Beatriz Roldán Cuenya elected to the Academia Europaea
For her contributions and dedication to the advancement of scientific research in Europe the Director of the Department of Interface Science was awarded with a membership to the Academy.
At the beginning of August, Professor Beatriz Roldán Cuenya has been officially elected as a member of the Academia Europaea, a pan-European society dedicated to advancing scholarship in the Humanities, Letters, Law, and Sciences. Prof. Roldán Cuenya, a physicist by training, has undertaken interdisciplinary research in the fields of surface science, thermal catalysis and electrochemistry for almost 20 years. She has thus joined the Chemical Sciences Section of the Academy.
Prof. Roldán Cuenya has been selected for membership due to her seminal contributions to the fundamental understanding of heterogeneous catalysis by nanoparticles and nanostructured surfaces. Her results serve to help guide the rational design of more efficient catalysts with a longer lifetime. She has also greatly advanced current knowledge of the dynamic nature of nanocatalysts and their working mechanisms for important chemical processes such as the thermal and electrochemical conversion of CO2 to higher value chemicals and fuels.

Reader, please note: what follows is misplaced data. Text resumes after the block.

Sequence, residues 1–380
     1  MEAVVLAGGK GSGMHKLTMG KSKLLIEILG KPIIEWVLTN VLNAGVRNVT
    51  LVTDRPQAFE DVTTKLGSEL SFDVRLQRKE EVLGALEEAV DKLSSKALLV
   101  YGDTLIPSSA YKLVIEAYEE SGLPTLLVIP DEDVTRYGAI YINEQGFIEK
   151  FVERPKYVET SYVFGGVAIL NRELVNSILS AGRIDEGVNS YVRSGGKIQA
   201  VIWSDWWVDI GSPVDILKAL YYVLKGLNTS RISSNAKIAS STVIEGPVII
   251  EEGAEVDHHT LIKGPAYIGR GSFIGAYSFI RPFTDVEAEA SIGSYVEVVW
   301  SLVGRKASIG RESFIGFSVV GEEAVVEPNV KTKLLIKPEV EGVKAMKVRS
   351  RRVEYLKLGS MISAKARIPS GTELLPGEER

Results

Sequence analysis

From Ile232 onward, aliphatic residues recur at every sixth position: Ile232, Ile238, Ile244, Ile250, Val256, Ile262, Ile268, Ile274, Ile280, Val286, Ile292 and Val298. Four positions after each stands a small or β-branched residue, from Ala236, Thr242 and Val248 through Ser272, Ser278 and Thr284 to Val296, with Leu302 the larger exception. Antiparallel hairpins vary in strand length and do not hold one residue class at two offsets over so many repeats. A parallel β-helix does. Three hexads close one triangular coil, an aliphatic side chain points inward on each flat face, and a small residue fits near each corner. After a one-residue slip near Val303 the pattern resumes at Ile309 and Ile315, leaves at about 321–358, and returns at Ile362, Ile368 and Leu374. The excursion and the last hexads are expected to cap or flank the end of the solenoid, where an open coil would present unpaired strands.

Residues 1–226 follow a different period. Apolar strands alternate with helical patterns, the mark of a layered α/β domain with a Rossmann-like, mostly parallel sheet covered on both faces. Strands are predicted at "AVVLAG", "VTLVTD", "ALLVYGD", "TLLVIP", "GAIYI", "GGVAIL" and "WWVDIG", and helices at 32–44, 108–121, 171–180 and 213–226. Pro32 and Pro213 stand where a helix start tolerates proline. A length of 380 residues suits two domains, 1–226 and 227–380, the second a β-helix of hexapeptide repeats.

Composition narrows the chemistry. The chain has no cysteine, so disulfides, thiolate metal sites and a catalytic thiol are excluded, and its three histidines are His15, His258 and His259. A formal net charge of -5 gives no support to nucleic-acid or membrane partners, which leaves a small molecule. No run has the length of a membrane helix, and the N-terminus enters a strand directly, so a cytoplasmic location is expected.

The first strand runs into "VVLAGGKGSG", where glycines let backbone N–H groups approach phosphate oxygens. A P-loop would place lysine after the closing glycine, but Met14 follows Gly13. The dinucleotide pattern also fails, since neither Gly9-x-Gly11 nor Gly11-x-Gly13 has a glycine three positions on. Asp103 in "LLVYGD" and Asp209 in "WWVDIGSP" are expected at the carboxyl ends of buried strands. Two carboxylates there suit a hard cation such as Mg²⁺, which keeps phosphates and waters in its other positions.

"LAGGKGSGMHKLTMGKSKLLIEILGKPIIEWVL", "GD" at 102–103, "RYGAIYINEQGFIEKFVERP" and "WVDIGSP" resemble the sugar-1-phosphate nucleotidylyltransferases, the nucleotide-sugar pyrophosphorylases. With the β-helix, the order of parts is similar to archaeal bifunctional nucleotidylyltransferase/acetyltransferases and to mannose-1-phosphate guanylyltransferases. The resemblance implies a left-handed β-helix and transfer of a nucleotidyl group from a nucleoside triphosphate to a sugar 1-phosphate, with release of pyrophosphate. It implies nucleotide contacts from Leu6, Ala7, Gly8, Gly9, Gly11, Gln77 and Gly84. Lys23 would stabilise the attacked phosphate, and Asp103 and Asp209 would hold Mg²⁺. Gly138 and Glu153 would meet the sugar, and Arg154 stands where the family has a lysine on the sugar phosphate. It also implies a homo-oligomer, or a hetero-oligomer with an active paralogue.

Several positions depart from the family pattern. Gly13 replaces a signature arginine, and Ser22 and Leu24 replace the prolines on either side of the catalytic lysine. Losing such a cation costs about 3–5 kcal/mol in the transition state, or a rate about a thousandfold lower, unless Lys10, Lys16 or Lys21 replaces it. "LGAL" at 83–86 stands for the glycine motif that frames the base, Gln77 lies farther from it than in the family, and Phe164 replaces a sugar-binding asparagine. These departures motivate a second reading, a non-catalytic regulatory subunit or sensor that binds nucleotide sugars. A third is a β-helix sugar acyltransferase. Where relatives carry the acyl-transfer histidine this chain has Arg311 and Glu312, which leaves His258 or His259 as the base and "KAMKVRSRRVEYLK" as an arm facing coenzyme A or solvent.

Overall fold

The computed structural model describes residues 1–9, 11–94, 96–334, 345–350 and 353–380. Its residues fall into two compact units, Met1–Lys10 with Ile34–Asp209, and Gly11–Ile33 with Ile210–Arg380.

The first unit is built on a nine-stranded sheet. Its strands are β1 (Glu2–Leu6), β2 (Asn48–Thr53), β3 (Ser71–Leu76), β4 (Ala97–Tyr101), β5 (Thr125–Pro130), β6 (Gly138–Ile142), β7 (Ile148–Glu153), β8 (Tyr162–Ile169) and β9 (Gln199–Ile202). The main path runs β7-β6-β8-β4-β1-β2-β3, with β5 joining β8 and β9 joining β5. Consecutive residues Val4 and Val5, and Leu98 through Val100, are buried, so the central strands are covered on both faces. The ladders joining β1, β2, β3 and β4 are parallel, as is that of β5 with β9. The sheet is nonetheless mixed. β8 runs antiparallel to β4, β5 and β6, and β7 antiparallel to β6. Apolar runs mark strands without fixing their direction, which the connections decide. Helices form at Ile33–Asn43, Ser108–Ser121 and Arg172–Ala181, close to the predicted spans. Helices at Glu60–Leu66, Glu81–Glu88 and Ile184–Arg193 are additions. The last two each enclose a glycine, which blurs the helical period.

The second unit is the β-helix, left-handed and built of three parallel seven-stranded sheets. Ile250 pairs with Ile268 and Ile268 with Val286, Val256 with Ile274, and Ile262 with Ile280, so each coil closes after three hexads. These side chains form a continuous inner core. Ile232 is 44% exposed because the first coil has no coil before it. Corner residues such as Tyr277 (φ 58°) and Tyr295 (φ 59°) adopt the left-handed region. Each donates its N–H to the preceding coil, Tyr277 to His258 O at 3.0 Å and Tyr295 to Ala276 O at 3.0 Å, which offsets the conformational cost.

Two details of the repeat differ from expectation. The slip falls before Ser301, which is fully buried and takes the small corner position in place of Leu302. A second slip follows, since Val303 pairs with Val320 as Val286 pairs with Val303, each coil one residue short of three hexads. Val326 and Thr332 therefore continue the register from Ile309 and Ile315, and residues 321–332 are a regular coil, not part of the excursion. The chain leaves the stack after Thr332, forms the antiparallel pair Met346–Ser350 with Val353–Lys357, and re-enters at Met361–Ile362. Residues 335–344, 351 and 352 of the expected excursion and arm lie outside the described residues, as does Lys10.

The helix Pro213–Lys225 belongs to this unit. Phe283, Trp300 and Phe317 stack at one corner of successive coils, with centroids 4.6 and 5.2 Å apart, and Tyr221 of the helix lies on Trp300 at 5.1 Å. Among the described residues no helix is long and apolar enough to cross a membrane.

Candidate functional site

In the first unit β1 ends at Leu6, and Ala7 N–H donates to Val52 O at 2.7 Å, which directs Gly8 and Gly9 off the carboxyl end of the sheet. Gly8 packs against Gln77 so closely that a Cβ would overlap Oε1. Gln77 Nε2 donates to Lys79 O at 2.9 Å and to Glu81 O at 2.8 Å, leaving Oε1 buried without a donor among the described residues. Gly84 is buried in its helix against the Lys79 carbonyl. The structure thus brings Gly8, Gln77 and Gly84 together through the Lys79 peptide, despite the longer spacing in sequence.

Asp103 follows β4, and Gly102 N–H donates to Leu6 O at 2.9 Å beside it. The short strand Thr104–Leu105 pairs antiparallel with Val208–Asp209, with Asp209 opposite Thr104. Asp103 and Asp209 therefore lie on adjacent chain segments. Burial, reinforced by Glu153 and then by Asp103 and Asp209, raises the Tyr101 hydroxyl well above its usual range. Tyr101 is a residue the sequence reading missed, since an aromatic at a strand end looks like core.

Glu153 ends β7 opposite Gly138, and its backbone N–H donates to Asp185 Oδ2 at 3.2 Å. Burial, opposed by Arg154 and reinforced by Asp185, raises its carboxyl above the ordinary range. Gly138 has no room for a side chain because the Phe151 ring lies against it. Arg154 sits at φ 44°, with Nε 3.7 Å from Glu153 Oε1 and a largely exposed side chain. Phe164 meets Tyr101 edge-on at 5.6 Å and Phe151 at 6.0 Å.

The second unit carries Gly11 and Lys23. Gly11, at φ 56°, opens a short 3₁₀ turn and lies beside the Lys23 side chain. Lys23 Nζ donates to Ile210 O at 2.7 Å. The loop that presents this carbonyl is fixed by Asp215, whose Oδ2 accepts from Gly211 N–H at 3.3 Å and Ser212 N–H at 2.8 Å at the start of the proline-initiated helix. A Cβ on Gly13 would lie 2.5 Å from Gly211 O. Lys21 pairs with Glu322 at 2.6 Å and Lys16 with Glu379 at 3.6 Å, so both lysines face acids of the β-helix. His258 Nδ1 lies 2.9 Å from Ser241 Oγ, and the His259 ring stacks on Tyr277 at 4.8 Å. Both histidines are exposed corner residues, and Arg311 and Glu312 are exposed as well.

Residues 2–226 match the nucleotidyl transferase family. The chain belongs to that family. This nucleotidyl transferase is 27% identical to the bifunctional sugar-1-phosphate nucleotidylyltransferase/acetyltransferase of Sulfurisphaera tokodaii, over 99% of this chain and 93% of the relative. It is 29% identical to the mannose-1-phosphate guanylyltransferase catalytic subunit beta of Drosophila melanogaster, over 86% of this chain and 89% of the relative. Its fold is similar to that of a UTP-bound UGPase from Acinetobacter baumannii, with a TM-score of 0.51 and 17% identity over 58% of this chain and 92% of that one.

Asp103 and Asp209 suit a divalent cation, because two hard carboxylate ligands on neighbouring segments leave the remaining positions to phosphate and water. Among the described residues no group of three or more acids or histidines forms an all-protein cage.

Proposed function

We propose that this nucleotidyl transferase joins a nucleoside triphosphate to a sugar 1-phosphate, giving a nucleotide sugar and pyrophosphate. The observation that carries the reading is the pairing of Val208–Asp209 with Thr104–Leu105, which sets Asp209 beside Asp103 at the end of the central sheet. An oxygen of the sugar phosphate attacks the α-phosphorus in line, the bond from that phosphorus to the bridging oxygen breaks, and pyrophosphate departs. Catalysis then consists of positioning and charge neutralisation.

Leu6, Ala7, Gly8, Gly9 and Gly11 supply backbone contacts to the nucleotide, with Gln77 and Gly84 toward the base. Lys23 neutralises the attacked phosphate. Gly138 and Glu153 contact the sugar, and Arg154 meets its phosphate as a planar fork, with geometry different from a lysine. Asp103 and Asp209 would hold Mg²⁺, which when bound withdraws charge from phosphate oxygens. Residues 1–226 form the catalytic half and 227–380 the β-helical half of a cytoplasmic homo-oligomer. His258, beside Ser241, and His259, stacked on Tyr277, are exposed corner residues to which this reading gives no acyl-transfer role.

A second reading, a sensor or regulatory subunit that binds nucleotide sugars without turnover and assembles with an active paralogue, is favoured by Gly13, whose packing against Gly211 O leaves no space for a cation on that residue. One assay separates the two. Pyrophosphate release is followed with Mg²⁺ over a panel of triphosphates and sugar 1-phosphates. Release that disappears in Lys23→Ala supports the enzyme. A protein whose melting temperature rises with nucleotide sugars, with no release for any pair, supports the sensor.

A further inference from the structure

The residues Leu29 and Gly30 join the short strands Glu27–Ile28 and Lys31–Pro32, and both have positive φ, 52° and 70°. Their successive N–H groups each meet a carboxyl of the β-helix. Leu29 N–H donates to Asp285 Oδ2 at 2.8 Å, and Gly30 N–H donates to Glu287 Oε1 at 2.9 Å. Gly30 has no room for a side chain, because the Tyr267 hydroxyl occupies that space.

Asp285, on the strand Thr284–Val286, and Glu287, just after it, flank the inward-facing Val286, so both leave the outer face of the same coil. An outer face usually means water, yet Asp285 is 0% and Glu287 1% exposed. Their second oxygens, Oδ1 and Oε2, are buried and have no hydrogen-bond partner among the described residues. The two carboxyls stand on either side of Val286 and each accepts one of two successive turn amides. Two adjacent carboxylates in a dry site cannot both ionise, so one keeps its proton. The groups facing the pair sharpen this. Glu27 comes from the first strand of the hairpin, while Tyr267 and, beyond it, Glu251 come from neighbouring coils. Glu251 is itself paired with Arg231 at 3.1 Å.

“I’m extremely honoured to have been elected. The Academia Europaea is a unique organization that brings together scientists from all over Europe and the world in order to promote excellence in scientific research and stimulate collaborations. I am delighted to have become one of them,” Prof. Roldán Cuenya says. She is especially looking forward to promote research and science on an European level. Being a member of German, Dutch, Spanish and US-American scientific advisory boards, she is already an expert in contributing her expertise to an international scientific and political audience.
The Academia Europaea was founded in 1988. The society supports scholarship, promotes scientific excellence and creates Europe-wide partnerships. New members are elected annually. Potential candidates have to be nominated by existing members and undergo a rigorous peer review process before being elected. Among its ca. 4000 members are 74 Nobel Laureates.